I was engaged in just such an exercise when I found what I think is an eye-opening comparison, on paper: two loudspeakers -- the B&W 803 Diamond and the Tidal Contriva Diacera SE -- each of which looks extremely promising, judging from the specifications and descriptions provided by their manufacturers.
The similarities between these speakers are striking. Both are ported, three-way, floorstanding designs with dynamic drive-units (the Tidal has four drivers, the B&W five). Both come standard in a glossy piano-black finish, with optional real-wood veneers. Both cabinets are built primarily of medium-density fiberboard (MDF), though Tidal says theirs is a high-pressure variant of this ubiquitous wood-based material. The B&W weighs 90 pounds and is internally braced with the company’s trademarked Matrix system. The Tidal weighs more than twice as much -- about 200 pounds -- a difference no doubt due in large part to its more substantial cabinet with thicker side walls and front baffle and its slightly greater size: 51"H x 11"W x 19"D vs. the B&W’s 45.8"H x 12"W x 18"D.
How many times have you heard a reviewer state something to this effect: "It should sound better, given the price"? I know I’ve said it, and I know that, at one time or another, I’ve seen something like it from most of our reviewers. And I’ve read it in other magazines, not just those covering audio equipment.
In a perfect world, the more expensive component always would sound better. But here in the real world, we know that too many variables are in play for us to be able to assume that higher price automatically means better sound.
The first of these variables are economies of scale: Large manufacturers have more buying and manufacturing power than smaller companies, a fact that was made abundantly clear to me when I walked through the Paradigm factory. The company makes a gazillion pairs of Atom loudspeakers a month, which means that an Atom’s constituent parts can be produced by Paradigm in huge numbers. This is not a situation in which one skilled worker is being paid a premium to build one box at a time. It’s one huge machine producing box after box for hours, days, weeks on end. Such efficiencies translate into a lower unit price. If a smaller company had to build an Atom of equal quality, it might cost them twice as much to do it, and they’d have to pass on that cost to the customer -- which challenges the assumption that a higher price buys a better component.
Some variables are less obvious.
Measurements don’t tell us everything. My ears are more accurate. They don’t measure the right things. They don’t equate with how I hear music. I just don’t care.
Some audiophiles don’t like measurements. I think that many are afraid of them. I’m going to tell you why.
One reason is that most audiophiles, and many reviewers, don’t understand measurements. They haven’t bothered to learn how to interpret them, or what makes them important, or which ones most reliably indicate perceived sound quality. It takes a commitment of time to seek out explanations, ask questions, and learn how to correlate the measurements with what you hear when listening to your favorite music in your room. Gaining that basic understanding can sometimes mean hard work. For the math-averse, it can even be painful.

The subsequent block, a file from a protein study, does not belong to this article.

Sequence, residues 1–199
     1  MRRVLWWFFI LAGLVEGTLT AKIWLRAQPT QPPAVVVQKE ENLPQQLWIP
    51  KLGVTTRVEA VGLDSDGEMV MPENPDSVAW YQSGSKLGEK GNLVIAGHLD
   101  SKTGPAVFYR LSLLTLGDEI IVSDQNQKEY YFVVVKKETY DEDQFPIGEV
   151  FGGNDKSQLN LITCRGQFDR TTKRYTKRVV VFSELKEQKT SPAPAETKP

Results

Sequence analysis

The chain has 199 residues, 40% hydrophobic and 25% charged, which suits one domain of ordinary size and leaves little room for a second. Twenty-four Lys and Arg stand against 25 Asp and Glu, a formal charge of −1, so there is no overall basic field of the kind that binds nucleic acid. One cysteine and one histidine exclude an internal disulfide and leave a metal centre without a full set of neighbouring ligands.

This past week, SoundStage! Network writer Randall Smith moved into a new house with his fiancée, Amy. This was a special event in his life, almost as much because he was finally going to have a dedicated listening room as because he was setting up housekeeping with his bride-to-be. Randall had been pining for a new room for some time, and now, finally, his dream was becoming a reality.
But moving into a new room poses a multitude of problems for a reviewer. First, we had to clear Randall’s reviewing schedule. With the room being the single greatest determinant of an audio system’s sound quality, setting that variable is critical to the accuracy of Randall’s future reviews. Neither he nor I wanted a review product entering this new acoustic environment midstream. What we did want was for Randall’s system to be back up and running as quickly as possible, and with the full measure of its sound-quality properties firmly entrenched in our minds. We began with some very basic steps.
Our first order of business was to set up Randall’s system in the new room. This involved positioning the gear so as to maximize the efficiency of routing cables and ease the swapping-out of components. It was a straightforward task; Randall’s system is anchored by a single-chassis Simaudio Moon Evolution 600i integrated amplifier. His Bel Canto DAC3 D/A converter is extremely compact, and his home-theater functionality is handled by an Integra DTR-80.1 A/V receiver instead of separates. A Sony PlayStation3 is his primary HT source, while an Apple MacBook Pro laptop computer stores and plays his audio files. Randall’s system is tethered together with Analysis Plus cables, and his Pioneer Kuro television was mounted on a bracket almost flat against the front wall.
There’s no shortage of opinions in the world -- opinions about everything. And with the Internet literally everywhere, there’s no shortage of platforms through which to disseminate them. Lately, I’ve read online debates on a number of subjects related to high-end audio publishing, and I’d like to put in my own two cents, based on my experience in the biz.
Confirmed: Long-term loans affect reviewer recommendations. How can they not? If a reviewer has a component on long-term loan, then he or she obviously likes the component. You could argue that the fact that the reviewer likes it enough to use it is itself a kind of endorsement. But does the reviewer like it enough to buy it outright, with her or his own money? Is accepting the free use of a product proof that the reviewer would choose that same product if it had to be paid for? Not to me, but we’ll never know. That oft-used argument against living together before marriage applies here: Why buy the cow when you can get the milk for free? I’ve said in the past that long-term loans are advertisements for the manufacturer, not necessarily endorsements by the reviewer.